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Resume Readiness:

Obviously, you need to go through your resume and make sure everything is current and reflective of the skills you gained during school. If the thought of designing your own resume on Microsoft word makes you ill (like me), there are several great resources for templates that you simply fill in with your own information. My two favorites are resumerx.com and thepalife.com. In my opinion, the small price of these premade templates is so worth it to not have to format your own word document.

I also recommend sending your resume to clinical preceptors or school faculty that know you well and can give you feedback. One of my former preceptors caught a massive error on mine that I had looked over for months! While you’re at it, ask these people if they are willing to write a letter of recommendation for you. While job boards and recruiters rarely asked me for references, I included them anyway and they were received very positively.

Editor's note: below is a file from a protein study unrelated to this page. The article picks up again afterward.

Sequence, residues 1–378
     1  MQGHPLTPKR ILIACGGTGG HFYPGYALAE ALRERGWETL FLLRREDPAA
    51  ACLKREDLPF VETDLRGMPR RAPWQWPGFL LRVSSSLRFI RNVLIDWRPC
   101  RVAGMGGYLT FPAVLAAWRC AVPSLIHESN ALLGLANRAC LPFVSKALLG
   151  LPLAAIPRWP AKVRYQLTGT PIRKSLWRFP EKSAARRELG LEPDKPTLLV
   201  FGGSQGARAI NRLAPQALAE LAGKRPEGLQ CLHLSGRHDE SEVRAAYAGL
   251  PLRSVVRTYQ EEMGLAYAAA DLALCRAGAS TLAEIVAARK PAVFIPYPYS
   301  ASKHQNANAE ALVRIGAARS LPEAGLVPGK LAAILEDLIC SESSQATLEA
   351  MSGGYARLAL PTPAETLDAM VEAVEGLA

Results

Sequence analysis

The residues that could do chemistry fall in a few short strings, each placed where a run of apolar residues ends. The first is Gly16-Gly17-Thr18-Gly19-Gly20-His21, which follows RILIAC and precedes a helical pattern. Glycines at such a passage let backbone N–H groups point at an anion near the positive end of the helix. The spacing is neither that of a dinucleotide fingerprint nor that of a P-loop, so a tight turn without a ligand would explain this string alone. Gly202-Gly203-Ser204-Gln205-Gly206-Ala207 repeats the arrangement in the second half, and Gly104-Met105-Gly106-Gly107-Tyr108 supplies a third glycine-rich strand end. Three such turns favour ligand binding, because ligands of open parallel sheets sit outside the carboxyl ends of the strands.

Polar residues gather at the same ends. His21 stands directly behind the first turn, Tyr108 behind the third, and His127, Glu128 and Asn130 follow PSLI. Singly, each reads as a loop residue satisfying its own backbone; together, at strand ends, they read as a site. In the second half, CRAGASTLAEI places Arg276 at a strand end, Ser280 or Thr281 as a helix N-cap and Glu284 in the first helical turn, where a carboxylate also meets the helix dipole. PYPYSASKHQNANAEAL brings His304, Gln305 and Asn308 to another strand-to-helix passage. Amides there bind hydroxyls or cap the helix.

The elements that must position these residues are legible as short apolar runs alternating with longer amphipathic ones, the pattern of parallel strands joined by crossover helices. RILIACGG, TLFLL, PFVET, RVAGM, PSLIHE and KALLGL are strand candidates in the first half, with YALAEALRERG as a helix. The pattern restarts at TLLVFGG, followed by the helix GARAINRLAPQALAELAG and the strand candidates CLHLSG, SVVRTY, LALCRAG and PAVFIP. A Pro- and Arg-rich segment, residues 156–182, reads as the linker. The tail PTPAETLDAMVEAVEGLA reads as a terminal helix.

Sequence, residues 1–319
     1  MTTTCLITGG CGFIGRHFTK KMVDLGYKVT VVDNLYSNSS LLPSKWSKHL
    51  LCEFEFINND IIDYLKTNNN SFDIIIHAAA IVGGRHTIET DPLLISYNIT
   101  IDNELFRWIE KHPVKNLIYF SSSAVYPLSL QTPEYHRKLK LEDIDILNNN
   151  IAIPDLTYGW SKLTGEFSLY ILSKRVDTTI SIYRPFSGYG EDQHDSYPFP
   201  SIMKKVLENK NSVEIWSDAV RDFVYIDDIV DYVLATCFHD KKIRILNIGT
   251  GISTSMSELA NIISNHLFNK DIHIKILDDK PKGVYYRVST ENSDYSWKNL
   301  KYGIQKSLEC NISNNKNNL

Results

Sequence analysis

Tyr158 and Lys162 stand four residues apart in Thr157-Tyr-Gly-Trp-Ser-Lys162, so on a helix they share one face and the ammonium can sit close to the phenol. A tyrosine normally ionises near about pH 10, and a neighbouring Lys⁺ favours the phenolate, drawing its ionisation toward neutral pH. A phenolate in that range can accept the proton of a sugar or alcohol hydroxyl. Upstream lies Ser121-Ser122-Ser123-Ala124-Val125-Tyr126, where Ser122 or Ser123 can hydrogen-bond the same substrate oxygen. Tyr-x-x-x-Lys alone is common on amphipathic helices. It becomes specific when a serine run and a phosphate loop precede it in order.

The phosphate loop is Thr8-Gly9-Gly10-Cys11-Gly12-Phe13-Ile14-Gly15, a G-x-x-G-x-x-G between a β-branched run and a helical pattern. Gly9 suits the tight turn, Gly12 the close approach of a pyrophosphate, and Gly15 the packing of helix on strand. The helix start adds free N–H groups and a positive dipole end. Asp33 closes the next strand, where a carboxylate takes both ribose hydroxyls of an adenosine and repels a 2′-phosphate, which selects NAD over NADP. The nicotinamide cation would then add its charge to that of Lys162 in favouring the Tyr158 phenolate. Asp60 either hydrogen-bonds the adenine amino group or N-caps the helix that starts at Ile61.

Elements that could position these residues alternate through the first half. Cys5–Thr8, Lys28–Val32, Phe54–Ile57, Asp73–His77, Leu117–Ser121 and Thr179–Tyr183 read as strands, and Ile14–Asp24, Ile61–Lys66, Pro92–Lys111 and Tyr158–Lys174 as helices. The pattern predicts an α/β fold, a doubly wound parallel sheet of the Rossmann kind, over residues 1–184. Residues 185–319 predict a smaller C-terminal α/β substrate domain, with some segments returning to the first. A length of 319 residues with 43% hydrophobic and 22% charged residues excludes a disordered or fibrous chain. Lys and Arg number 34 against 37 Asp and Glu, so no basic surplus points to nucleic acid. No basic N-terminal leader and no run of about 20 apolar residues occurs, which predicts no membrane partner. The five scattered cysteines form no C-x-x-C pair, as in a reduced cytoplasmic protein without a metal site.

Another thing to know.. your digital resume must be formatted in a way that artificial intelligence and logarithms like. It must include certain keywords and recognizable sections to get past the website’s filter and to an actual hiring manager. (I learned all of this the hard way, by the way).

Make sure your resume is ATS compliant. ATS stands for Applicant Tracking System and there are sites that will scan your document for free and make suggestions on what needs to be changed.

I used topresume.com to run a free scan of my resume and quickly realized I was getting lost in that infamous “resume black hole.” As much as it sucked to change my beautifully designed resume to plain ol’ times new roman with bullet points, it made a difference in callbacks.


Cover Letter Class

I tried to make sure my cover letters included a few key components:

  • A clear introduction stating who I am and expressing interest in the job title and the company name.

    • It’s best to use specific details instead of phrases like “the job opening” or “at your practice.”

  • Any additional details that my resume didn’t cover for me